CL Takes SXSW - Day 3

Art of Negotiation, Product Development, Lessons from Retail Marketing and Mass Meditation

Our third day proved to be just as busy as the first few. We continued attending sessions around core ideas of storytelling, product development, AR/VR and had a deeper dive into experiential marketing.

At this halfway point in our time at SXSW, we can see correlations and connections between sessions we're attending now and what we've already heard. Some ideas reinforce others, other times there's a bit of a conflict in the ideas and theories. The different perspectives are welcome, as they push us to be open minded and think more critically about what is being shared.


How Healthcare Can Learn from Retail’s Crazy Collaboration Mania

SXSW Session:    

You can’t escape it! Wherever you look it seems that retail is in a frenzy over collaboration. Whether it’s Levi’s and 13 Witness or Adidas and Alexander Wang, retail is having a collaboration moment. Of course, you don’t have to tell that to panelists Rachel Arthur from The Current Global, Paul Dillinger from Levi Strauss, Aaron Levant from Ntwrk and Ferdinando Verderi from Johannes Leonardo. They are all at the forefront of the collaboration craze and argue that the real value of brand collaboration lies in its ability to elevate the profile of both brands, blending the best of what each has to offer and providing a unique experience to consumers in a way that a neither brand could accomplish on its own.   
So what does this mean for pharma? As new molecules are developed that build on existing treatments, or as new classes of drugs enter the marketplace to treat familiar disease states, pharma marketers have an enormous opportunity to leverage the brand equity that already exists for products and brands that are more familiar to HCPs and patients. Whether it’s co-branding an older treatment and something newer to market or lending a manufacturer’s branding to an otherwise unbranded campaign, this collaboration allows pharma marketers to reap the benefits of the brand equity they have already built to grow acceptance and loyalty for new brands, versus starting from the ground up.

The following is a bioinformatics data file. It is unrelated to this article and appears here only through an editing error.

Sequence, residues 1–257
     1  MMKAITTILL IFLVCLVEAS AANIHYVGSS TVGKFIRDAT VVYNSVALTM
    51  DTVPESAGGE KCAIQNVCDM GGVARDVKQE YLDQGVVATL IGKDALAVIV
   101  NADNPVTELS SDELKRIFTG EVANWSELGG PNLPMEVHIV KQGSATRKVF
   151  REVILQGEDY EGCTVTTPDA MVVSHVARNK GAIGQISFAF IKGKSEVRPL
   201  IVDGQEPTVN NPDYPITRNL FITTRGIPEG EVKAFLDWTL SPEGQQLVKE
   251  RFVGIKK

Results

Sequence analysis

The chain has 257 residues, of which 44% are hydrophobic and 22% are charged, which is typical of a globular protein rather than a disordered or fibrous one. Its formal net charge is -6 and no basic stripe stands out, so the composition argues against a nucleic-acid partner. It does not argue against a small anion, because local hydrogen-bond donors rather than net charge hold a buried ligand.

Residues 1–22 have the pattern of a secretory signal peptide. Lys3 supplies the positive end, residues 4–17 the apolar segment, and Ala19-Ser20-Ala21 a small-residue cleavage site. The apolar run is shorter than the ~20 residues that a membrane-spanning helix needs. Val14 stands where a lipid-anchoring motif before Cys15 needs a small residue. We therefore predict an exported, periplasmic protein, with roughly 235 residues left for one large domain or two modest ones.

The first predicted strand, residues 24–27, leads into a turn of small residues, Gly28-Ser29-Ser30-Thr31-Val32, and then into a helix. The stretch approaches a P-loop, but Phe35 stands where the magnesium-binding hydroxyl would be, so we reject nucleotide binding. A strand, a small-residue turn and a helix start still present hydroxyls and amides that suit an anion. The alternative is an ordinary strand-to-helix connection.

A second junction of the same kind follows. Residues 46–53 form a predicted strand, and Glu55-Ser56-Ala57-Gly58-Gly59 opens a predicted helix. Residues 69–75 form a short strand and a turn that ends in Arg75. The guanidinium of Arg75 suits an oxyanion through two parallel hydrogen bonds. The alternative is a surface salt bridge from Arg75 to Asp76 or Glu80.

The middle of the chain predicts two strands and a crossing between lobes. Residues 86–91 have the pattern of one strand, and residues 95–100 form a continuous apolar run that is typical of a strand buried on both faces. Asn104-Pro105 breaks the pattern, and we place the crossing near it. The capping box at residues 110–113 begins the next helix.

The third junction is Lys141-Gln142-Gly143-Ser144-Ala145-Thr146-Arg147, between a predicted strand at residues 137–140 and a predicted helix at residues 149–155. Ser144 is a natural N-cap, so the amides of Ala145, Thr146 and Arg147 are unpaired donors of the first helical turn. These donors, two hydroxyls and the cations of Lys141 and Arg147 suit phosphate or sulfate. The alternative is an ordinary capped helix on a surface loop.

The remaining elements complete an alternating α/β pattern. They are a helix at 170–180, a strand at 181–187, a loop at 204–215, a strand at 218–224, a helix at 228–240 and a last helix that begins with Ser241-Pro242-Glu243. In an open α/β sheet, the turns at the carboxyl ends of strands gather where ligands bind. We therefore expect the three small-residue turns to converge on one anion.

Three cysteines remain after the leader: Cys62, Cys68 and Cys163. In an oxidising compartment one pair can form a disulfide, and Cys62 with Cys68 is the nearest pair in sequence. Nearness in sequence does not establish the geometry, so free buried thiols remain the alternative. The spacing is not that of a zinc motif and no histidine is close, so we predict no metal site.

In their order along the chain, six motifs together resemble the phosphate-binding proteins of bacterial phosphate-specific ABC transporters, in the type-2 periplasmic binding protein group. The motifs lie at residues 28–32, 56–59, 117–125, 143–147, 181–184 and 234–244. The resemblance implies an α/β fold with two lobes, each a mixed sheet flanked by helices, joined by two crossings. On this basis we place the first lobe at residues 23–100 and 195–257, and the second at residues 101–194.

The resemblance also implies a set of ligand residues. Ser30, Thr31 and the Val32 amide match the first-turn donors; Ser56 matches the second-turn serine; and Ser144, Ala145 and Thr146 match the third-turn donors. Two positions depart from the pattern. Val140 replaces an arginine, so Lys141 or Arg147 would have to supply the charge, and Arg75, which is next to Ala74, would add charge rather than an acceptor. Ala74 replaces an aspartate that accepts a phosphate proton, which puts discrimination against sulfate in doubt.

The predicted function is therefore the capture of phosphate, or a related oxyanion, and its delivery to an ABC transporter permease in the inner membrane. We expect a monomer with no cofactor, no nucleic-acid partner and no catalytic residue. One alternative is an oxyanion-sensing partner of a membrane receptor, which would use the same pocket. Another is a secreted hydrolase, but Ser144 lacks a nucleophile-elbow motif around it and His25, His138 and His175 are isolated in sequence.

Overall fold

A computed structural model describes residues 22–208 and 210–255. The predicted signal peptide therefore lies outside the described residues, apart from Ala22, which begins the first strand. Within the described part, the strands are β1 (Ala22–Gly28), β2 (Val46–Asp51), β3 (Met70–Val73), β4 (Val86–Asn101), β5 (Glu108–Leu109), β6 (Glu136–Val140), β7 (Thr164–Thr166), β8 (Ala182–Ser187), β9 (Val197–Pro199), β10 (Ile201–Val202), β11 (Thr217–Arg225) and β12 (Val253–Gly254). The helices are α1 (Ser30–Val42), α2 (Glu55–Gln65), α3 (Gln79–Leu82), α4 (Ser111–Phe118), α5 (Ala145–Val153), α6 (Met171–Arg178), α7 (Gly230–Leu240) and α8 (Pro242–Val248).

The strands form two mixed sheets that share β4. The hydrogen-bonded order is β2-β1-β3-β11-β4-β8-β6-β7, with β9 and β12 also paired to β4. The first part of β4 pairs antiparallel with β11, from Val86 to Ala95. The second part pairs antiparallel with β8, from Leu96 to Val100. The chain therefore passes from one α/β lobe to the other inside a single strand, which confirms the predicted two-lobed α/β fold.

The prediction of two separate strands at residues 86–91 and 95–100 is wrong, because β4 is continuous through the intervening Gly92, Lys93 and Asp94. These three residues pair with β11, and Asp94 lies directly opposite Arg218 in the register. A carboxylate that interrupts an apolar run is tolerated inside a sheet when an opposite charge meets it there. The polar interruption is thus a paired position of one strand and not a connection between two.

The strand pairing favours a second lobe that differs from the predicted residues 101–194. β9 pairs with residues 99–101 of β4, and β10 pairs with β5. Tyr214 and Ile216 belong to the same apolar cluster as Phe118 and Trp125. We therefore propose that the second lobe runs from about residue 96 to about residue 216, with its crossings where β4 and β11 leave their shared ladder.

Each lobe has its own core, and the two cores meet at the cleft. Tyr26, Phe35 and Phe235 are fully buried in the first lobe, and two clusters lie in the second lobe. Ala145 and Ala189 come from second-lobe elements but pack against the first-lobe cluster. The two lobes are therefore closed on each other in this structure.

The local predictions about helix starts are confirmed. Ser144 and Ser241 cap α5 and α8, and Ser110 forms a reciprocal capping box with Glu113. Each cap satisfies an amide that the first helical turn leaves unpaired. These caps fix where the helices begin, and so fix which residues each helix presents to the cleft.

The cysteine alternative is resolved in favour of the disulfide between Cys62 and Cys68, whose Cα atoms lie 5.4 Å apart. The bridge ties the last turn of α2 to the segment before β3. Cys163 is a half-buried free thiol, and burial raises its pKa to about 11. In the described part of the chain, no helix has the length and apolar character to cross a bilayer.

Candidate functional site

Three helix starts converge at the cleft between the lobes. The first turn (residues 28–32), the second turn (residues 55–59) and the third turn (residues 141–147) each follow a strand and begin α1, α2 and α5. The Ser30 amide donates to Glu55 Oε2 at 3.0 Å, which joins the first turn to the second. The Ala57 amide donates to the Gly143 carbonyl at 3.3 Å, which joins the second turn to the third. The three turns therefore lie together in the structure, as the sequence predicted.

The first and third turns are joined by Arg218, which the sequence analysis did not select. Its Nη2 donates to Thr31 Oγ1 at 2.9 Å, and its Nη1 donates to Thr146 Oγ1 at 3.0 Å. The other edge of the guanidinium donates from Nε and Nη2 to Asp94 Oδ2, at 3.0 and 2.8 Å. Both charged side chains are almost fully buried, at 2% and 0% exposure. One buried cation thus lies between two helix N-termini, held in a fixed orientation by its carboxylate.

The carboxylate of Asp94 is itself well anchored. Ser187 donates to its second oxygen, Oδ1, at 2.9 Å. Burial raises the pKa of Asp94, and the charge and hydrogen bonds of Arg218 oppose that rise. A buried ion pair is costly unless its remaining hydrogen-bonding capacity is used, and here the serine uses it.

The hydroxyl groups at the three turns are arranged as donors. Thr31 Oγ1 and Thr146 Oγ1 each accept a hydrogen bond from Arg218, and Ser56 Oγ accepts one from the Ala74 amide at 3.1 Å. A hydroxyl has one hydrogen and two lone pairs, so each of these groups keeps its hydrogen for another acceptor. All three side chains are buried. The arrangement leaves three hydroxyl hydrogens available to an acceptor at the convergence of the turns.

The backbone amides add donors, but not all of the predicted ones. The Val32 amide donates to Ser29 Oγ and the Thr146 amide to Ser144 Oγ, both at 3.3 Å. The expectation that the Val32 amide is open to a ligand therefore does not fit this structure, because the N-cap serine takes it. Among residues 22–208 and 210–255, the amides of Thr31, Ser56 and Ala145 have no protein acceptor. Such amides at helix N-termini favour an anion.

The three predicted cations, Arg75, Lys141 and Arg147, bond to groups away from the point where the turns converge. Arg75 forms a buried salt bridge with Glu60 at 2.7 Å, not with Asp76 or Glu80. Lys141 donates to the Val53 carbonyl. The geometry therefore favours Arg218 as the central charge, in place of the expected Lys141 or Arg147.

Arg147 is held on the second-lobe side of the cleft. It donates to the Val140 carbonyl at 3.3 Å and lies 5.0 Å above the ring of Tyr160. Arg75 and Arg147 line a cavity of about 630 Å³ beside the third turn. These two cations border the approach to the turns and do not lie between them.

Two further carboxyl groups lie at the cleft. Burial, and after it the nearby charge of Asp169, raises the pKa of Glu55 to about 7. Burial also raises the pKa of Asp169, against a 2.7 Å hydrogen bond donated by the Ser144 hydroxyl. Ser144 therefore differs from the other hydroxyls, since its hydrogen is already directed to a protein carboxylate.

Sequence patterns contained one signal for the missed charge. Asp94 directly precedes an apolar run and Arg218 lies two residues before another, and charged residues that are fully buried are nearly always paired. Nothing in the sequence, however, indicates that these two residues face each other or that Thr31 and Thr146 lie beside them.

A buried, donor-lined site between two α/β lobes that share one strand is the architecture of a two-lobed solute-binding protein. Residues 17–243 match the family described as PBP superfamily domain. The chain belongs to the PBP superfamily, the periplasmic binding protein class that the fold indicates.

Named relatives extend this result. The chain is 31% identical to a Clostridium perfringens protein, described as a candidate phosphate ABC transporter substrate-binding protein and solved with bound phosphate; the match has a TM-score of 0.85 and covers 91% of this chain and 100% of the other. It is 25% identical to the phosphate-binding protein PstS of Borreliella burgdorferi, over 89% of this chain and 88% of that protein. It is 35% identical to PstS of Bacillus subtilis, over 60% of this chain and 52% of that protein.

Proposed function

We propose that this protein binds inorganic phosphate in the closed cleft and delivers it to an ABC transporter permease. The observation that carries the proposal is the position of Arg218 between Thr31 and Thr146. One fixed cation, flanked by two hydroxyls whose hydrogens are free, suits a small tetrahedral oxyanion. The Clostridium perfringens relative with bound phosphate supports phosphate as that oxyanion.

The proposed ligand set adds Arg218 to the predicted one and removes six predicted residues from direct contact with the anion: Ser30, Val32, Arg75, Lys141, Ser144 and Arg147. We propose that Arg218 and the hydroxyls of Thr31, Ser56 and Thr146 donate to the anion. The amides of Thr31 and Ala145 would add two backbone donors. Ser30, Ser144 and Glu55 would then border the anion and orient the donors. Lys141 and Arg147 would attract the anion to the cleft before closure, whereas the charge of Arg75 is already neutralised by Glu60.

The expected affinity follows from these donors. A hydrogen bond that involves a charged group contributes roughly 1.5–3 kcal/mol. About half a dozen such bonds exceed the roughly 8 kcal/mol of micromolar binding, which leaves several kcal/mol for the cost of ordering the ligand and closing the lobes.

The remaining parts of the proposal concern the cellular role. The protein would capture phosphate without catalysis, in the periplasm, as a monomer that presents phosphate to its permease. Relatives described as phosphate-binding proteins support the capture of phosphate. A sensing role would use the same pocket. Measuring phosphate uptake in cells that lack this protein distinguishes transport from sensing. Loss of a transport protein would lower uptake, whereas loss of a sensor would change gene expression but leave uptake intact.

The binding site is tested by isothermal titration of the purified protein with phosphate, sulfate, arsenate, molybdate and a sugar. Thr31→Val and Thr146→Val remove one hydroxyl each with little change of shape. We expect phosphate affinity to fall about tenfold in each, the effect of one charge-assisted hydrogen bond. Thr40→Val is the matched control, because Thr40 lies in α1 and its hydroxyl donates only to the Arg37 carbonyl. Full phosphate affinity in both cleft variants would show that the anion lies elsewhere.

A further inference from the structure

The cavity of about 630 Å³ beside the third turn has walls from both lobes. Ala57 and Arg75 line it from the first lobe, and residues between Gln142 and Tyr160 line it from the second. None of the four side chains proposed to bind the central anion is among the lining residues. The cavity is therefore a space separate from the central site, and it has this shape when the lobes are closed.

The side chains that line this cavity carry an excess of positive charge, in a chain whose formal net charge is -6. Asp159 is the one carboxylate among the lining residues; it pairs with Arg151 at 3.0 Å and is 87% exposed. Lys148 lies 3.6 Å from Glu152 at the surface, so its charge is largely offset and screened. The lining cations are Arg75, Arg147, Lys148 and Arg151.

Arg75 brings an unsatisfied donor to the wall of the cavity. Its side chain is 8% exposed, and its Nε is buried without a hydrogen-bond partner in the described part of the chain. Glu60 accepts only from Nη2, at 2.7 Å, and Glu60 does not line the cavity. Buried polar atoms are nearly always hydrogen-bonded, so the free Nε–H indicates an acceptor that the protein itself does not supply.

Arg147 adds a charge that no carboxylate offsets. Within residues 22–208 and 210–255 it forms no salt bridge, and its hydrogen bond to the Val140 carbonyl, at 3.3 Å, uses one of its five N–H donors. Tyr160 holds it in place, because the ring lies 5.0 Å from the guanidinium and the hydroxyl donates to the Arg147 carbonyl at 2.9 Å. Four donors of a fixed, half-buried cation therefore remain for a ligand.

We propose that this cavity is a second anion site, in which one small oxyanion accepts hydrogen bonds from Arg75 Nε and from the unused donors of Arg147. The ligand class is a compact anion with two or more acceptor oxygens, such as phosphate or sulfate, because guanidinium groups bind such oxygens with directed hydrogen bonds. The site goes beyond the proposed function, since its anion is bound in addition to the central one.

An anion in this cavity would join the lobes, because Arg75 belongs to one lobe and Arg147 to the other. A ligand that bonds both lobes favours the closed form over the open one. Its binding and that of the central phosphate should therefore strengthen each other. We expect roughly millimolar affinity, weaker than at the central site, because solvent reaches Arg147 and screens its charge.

In the world of marketing (and especially in the world of pharma marketing) there are no shortcuts, but it never hurts to have a partner.


The Art of Negotiation Details

Link to Session:  

We all have to negotiate at some point in our lives whether it’s with coworkers, clients, or kids. Taking the anxiety away and learning how to do it well can be a powerful tool. Kyle Ali, Staffing Channels Associate Team Lead at Google led a session about interest based negotiation.

There are five central strategies to this type of negotiation:

  • Alternatives - what can you do without the consent of the other party
    • Enhance your best alternative to a negotiated agreement (BATNA)b. Never agree to anything worse than your BATNA
    • Interests - positions are what people say they want, interests are why they want them.
  • Options - brainstorm options to meet interests. Create many of them!
    • Separate inventing options from deciding on them
  • Legitimacy - seek legitimate criteria to guide decision making
    • Legal precedent, industry practice, market prices, expert opinion
  • Commitments - make sure the commitments are practical, durable, and understood by all.

This was a new take on negotiation that made it possible for anyone to do it. It’s about creating options and thinking through what the other person is going to say. This method isn’t a take or leave it and it was refreshing to hear!